Major defense contractors Lockheed Martin, Oshkosh and Raytheon appeared pleased this week as escalating conflicts in the Middle East were touted as a reason for investor optimism at a Credit Suisse conference in West Palm Beach.

While defense spending has been a target of budget cuts for the past few years dating back to the budget sequester, this trend was recently reversed with an October budget deal which included $607 billion in additional defense spending.

“Our programs are well supported [in the budget],” said Lockheed’s Executive Vice President Bruce Tanner at the conference. “We think we did fare very well.”

Wilson Jones, president of Oshkosh, noted that countries have shown interest in buying M-ATV armored vehicles made by the company due to “the ISIS threat growing.”

The situation on the ground in Syria and recent downing of a Russian aircraft by the Turkish military has brought defense spending to the forefront of presidential rhetoric. Meanwhile, defense contractors viewed the aircraft downing through a positive lens for their bottom line.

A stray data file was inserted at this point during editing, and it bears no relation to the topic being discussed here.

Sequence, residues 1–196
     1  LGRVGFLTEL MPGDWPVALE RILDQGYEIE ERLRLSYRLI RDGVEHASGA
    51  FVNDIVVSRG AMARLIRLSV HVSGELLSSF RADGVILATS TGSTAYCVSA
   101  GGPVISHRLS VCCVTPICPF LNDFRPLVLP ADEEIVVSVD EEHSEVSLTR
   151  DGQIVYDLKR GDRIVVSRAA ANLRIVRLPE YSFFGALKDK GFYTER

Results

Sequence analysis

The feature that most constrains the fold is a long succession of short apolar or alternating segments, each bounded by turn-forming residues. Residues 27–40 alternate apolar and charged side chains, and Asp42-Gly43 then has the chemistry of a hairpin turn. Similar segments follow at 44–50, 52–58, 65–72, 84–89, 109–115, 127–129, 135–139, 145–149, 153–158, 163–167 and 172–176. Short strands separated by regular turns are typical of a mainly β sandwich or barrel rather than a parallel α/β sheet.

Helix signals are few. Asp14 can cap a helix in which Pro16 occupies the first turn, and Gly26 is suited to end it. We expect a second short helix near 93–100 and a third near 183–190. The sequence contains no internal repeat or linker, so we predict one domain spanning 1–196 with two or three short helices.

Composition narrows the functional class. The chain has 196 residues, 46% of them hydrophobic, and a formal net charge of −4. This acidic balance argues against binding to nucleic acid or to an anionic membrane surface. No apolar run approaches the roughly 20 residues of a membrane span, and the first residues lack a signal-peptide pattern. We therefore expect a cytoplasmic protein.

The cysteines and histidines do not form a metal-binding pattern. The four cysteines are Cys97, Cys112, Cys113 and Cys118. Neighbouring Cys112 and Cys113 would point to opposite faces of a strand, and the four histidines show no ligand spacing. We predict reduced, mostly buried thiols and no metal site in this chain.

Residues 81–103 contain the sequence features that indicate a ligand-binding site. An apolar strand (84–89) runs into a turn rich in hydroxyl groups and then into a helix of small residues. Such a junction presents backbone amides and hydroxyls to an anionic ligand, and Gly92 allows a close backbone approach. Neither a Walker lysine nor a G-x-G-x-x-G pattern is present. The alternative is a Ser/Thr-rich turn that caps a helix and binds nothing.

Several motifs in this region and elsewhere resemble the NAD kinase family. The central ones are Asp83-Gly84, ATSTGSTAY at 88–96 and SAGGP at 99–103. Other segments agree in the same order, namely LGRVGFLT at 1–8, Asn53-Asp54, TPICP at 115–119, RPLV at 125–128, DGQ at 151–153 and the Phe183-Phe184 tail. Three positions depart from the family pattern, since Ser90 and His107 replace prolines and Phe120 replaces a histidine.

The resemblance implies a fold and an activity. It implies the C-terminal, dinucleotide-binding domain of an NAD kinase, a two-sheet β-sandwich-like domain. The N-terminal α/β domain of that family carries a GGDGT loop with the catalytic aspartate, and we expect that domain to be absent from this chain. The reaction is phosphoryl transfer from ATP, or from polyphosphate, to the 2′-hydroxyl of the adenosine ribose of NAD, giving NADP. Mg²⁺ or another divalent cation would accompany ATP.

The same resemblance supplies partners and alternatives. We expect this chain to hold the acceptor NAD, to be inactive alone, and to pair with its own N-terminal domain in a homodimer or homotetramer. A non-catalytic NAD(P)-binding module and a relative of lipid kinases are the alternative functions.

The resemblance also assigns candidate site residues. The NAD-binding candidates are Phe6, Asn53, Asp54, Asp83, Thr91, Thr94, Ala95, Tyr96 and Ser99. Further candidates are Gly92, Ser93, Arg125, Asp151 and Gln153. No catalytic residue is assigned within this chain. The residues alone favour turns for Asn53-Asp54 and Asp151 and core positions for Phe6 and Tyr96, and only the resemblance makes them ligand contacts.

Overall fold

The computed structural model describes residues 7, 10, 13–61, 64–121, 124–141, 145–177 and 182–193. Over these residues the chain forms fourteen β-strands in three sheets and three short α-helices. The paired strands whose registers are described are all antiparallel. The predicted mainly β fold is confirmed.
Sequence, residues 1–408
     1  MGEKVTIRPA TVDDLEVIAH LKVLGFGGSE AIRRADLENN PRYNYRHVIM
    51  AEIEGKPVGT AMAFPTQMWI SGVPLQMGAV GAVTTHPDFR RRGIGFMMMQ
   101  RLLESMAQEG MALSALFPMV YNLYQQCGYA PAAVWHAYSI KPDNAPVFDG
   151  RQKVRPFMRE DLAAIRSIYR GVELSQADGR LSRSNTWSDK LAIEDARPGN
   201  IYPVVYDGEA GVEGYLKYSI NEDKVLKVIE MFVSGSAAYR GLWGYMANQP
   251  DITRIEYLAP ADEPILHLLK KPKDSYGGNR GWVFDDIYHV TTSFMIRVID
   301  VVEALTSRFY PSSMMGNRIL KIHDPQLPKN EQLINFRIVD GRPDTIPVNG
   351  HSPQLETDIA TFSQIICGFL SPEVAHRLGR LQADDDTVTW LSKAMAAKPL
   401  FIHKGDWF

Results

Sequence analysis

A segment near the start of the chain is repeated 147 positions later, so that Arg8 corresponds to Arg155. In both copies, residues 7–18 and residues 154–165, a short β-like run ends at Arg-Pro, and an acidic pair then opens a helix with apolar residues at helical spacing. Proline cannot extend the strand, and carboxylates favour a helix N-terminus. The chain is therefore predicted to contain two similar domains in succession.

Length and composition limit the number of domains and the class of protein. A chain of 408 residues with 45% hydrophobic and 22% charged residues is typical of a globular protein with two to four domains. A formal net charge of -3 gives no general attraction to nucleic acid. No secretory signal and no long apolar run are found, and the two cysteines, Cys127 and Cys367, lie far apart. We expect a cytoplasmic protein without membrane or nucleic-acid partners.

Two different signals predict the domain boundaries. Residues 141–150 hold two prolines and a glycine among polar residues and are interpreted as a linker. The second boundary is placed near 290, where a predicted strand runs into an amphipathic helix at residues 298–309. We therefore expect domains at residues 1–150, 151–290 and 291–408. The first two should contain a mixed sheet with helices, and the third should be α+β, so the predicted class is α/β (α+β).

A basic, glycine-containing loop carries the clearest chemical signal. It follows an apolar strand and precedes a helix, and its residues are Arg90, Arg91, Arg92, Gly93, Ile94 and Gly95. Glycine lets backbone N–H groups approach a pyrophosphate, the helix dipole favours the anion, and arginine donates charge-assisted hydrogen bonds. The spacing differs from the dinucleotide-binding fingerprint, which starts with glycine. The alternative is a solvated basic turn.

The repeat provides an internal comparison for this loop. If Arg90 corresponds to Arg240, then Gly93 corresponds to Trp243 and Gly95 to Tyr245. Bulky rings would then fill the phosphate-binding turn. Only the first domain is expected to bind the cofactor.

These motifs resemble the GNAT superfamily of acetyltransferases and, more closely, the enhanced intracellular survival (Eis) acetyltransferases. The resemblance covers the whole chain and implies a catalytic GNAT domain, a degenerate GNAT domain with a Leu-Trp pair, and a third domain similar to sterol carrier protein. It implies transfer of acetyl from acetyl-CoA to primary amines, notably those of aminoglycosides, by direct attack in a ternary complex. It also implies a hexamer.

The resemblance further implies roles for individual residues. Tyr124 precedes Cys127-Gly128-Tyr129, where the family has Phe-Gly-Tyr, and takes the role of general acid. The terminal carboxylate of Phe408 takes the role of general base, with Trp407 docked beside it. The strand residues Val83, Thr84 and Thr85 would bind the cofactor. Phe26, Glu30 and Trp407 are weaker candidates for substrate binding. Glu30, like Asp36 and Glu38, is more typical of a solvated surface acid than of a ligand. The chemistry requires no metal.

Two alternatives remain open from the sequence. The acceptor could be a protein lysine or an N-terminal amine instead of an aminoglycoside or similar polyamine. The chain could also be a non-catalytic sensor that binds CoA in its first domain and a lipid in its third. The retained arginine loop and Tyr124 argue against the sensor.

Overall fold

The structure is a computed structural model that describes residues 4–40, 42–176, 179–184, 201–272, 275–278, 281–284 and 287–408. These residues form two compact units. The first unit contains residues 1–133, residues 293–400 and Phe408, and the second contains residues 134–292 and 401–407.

Presidential candidate and United States Senator Rand Paul (R-Ky.), an outspoken critic of defense spending, asked “how is it conservative to pass a trillion dollars in military expenditures?” during an exchange at the November 12th presidential debate. Paul’s criticism directly targeted a proposal by fellow 2016 candidate United States Senator Marco Rubio (R-Fla.), calling for a $1 trillion dollar increase over the next 10 years. Rubio is one of several candidates calling for large scale increases in defense spending.

The perceived need for the U.S. military to operate stealth aircraft like the Lockheed Martin-made F-22, combined with increases in spending by other regional powers like Saudi Arabia and the United Arab Emirates on munitions and other systems for use in operations in Yemen, give defense manufacturers even more reason for a positive outlook.

Given this volatility in the region, the environment also promises to provide a boost for candidates in both parties who can leverage hawkish rhetoric and calls for increased U.S. involvement in the Middle East.

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